The lack of a new standard doesn't mean anything. There isn't a requirement for a new standard. The existing VDSL2 standard can have a variety of speed profiles and there is definitely on-going work by the major vendors to improve VDSL2. One such major improvement that is being rolled out by carriers around the world over the next 2 years is Vectoring which will allow existing connections able to attain 25Mbps service to now be able to attain 75/100 Mbps service. Using VDSL2 Bonding which utilizes 2 pair that can be raised to 150/200Mbps. Alcatel-Lucent is working on Phantom Mode which when used in conjunction with Bonding can further raise that upwards of 300Mbps.

said by tschmidt:

80% of US customers are 15,000 feet or less from the central office. Statistics for rural customers is much worse, Less then 50% are within 15,000 feet. I'd love to see some clever engineering that utilizes existing copper infrastructure but I'm not holding my breath.

You don't feed VDSL2 directly from the CO. That's why you build VRADs close to the customer.

said by tschmidt:

Fiber is the only solution for wired broadband. Once installed is is actually cheaper then copper because maintenance costs are much lower. The down side is high up front capital investment that no quarterly profits driven CEO is willing to make.

I don't agree and if you're hanging on to the dream of fibre everywhere it'll be just that.. a dream.

Even in the countries where people go on about fibre out the ying yang a significant portion of the users if not almost 50% are still receiving Internet via VDSL2. Fibre makes up a very small percentage of the over all broadband market around the world.

Trust me I'd love to see fibre everywhere but it is not realistic. Even Verizon with their FiOS did a pretty poor job at it.

34764170

join:2007-09-06
Etobicoke, ON
reply to MovieLover76
said by MovieLover76:

Yea for real world speeds like that you need fiber, cable can do it downstream now and has to potential with upstream channel bonding to do it up as well.

Cable is unlikely to ever see symmetrical speeds or anything close to it. In theory you could do a lot better but the existing legacy services already in use to deliver TV services get in the way. Way down the road when cable providers finally migrate to an IPTV based platform and get rid of digital cable they could do things properly. But that is so far out.


Simba7
I Void Warranties

join:2003-03-24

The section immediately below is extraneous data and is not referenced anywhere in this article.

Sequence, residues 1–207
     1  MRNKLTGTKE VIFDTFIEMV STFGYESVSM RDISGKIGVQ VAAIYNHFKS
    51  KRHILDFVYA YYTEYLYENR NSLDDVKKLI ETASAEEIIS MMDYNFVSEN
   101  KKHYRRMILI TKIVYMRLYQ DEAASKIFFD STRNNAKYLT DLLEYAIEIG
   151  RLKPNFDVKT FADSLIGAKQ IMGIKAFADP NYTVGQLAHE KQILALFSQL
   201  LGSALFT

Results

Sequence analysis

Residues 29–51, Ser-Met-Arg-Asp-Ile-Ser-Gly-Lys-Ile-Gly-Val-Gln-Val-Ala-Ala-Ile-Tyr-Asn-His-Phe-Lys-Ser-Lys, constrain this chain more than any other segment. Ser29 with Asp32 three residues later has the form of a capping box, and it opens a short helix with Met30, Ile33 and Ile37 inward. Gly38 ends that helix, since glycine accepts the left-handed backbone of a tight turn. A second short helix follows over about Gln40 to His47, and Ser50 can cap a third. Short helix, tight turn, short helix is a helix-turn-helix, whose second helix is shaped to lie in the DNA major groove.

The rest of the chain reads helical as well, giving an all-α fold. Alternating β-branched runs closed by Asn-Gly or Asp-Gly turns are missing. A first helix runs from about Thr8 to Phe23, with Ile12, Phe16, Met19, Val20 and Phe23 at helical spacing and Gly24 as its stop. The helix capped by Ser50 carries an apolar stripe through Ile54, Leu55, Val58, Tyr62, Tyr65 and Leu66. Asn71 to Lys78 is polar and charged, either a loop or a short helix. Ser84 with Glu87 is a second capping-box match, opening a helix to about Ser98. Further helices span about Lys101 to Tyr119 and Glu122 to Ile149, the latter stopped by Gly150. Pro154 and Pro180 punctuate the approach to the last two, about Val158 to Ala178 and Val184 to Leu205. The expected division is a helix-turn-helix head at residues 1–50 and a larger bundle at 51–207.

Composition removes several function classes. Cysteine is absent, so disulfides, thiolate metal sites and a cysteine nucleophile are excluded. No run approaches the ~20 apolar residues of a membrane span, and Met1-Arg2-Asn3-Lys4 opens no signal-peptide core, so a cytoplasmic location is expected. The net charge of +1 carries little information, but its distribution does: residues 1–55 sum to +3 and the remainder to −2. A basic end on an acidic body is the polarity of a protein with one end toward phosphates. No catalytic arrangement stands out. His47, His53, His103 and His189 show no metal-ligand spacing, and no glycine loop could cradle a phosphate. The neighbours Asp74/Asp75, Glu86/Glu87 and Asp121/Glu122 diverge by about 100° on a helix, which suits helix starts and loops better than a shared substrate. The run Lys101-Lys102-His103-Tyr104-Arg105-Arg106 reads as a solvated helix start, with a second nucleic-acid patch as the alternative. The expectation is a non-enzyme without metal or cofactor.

Billings, MT
reply to 34764170

Re: Pond scum subspecies

said by 34764170:

Yes, they're rolling out an all fibre network but they're not thinking long term.

Um.. Yes they are. Copper can't push the speeds Fiber can. Copper has limits. Fiber, technically, does not.

silbaco
Premium
join:2009-08-03
USA
reply to videomatic3

Re: 1 gbps

Copper has already been run. Making it capable of pushing out DSL can be done for quite a lot less than running fiber. Eventually fiber could be needed, but for now there is no real reason to run it. It is far more important that people get some service of some kind.

silbaco
Premium
join:2009-08-03
USA
reply to jerseyjoe123

Re: Challenge, not Promise

I don't know of a lot of ISPs that are not lifting a finger. I see telcos pushing out faster DSL all the time and cable companies pushing up their speeds on a regular basis. I see tons of fiber going in for new construction and being fed to neighborhoods to boost existing speeds. Heck I even see ftth going in on dirt, not gravel, roads.

CXM_Splicer
Looking at the bigger picture
Premium
join:2011-08-11
NYC
kudos:2
reply to NormanS

Re: Pond scum subspecies

Wow, that's nice. I am paying $19.95/mo for 3 Mbps. The 15 Mbps is 34.99/mo.


IowaCowboy
Iowa native
Premium
join:2010-10-16
Springfield, MA
kudos:1
Reviews:
·Verizon Broadban..
·Comcast

Most people don't need 1 Gbps.

The only people who need 1 Gbps are institutions with servers or a lot of computers on the premises (such as a call center, hospital/medical center, or a high school).

For most residential users like myself, I only need the 50/10 plan through Comcast.

It is split between several computers, tablets, and gaming consoles.

For most residential users, 1 Gbps is overkill (like using a tractor trailer to bring home a week's worth of groceries).


NotTheMama
What Would Earl Do?

join:2012-12-06
reply to videomatic3

Re: 1 gbps

You're missing my point--you're being too "literal", not enough "metaphorical". The FCC should be concerned about everyone being able to get "enough" (as in, "fast enough").
--
"...but ya doesn't hasta call me Johnson!"